CMS Issues New Enrollment, Ordering and Referring and Documentation Requirements - Effective July 6, 2010
By: KATHERINE B. ILTEN
July 19, 2010
CMS recently published a final rule implementing provisions of the Patient Protection and Affordable Care Act (PPACA) that sets forth new requirements for ordering, referring and furnishing certain Part B items and services. Effective July 6, 2010, ordering and referring physicians and other “eligible professionals” must be registered in the Provider Enrollment, Chain and Ownership System (PECOS) as enrolled or opted out of Medicare in order for certain Part B items or services to be covered. In addition, claims for the Part B items and services must contain the legal name and National Provider Identifier (NPI) of the ordering or referring physician or eligible professional. Failure to comply with these new rules could result in claim denials.
The final rule also clarifies PPACA provisions requiring providers and suppliers to maintain documentation related to the order or referral of durable medical equipment, prosthetics, orthotics and supplies (DMEPOS) and other Part B items and services. Failure to properly maintain documentation could result in a revocation of billing privileges.
In a recently released MLN Matters issue (Number SE1011), CMS indicated that these new requirements would be effective January 3, 2011. However, the effective date of the final rule is July 6, 2010. All indications from CMS suggest that the agency is adhering to the earlier July 6, 2010, effective date. Medicare providers and suppliers should look carefully at the new requirements and seek advice from legal counsel if necessary.
Enrollment or Opt-Out Record in PECOS
Effective July 6, 2010, physicians and “eligible professionals” who order Part B items and services (excluding Part B drugs) for Medicare beneficiaries, or who refer beneficiaries to providers or suppliers for such items or services, must be enrolled in PECOS in order for Medicare to pay for the items or services. “Eligible professionals” include physician assistants, certified clinical nurse specialists, nurse practitioners, clinical psychologists, certified nurse midwives, clinical social workers, physical therapists, occupational therapists, speech language pathologists and audiologists.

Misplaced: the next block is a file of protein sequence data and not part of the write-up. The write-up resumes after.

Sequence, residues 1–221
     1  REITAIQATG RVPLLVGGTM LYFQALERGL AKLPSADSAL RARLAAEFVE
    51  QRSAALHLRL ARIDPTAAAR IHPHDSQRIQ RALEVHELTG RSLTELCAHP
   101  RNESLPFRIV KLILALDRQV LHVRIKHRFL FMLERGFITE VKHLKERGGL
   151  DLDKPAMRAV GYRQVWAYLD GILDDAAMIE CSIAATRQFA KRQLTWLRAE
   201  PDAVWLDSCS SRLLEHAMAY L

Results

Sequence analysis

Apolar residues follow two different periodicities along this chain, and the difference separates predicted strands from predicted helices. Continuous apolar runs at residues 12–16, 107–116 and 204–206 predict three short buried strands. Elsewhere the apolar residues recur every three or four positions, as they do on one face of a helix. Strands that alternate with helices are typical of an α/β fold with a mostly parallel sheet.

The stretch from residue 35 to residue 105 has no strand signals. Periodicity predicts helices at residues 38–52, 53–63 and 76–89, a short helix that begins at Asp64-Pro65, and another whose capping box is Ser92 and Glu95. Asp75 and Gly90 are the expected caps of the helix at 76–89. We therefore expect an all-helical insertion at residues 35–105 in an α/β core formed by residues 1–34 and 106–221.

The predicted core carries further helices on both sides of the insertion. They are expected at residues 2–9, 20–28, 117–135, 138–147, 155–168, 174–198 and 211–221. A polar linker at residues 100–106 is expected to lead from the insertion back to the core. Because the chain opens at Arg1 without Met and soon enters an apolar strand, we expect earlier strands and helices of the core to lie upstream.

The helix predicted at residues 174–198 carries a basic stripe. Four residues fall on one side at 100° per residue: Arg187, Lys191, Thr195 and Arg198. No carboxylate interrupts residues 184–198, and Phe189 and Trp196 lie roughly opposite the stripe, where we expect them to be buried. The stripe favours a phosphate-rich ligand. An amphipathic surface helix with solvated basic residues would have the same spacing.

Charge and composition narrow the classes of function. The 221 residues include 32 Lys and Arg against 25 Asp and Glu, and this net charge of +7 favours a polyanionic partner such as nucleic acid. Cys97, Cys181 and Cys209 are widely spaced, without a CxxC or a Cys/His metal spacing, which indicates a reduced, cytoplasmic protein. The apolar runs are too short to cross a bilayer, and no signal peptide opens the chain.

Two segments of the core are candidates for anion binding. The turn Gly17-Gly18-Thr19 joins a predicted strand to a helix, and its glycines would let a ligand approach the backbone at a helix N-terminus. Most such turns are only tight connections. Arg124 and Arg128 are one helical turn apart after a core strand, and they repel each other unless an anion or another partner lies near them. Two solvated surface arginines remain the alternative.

The ordering or referring physician or eligible professional must be able to show an “approved enrollment record” in PECOS as of the date of the order or referral. The rule clarifies that physicians who have opted out of Medicare can still order items and services, but the Medicare contractor must be able to verify the opt out in PECOS to pay for the items and services. (It is important to remember Medicare’s general rule that the treating physician must be the one to order or refer the items or services.)
Claims Requirements / Grounds for Denying Claims
In addition to the PECOS enrollment requirement, beginning July 6, 2010, all claims for Part B items and services (excluding Part B drugs) must contain both the legal name and the NPI of the ordering or referring physician or eligible professional.
Beginning July 6, 2010, Medicare contractors may deny claims for the Part B items or services if the claims do not contain the legal name and NPI, or if PECOS does not show an approved enrollment or opt out record for the physician or eligible professional.
Maintaining Documentation for DMEPOS, Home Health, Laboratory and Specialist Services
Providers and suppliers who furnish DMEPOS and home health services, and physicians or practitioners who order, certify, or refer such items and services, must maintain written documentation for seven years from the date of the order, certification or referral. Under PPACA, the documentation requirement for DMEPOS and home health services was effective January 1, 2010.
CMS’s new rule expands the documentation requirement to those who furnish, order or refer laboratory, imaging and specialist services under Medicare. Beginning July 6, 2010, any person or entity that orders, refers or furnishes lab, imaging or specialist services covered by Medicare must maintain written documentation for those services for seven years.
The documentation must include all electronic and written communications relating to the order or request for payment. It must also include the NPI of the physician or eligible professional who ordered or referred the items or services. In addition, the party maintaining the documentation must provide access to the documentation upon the request of CMS or a Medicare contractor.
Failure to adhere to this documentation requirement could result in revocation of the supplier or provider’s Medicare enrollment for up to one year for each act of non-compliance. This means that multiple documentation failures could result in an extended period of disenrollment from Medicare, which could have serious consequences for many providers and suppliers.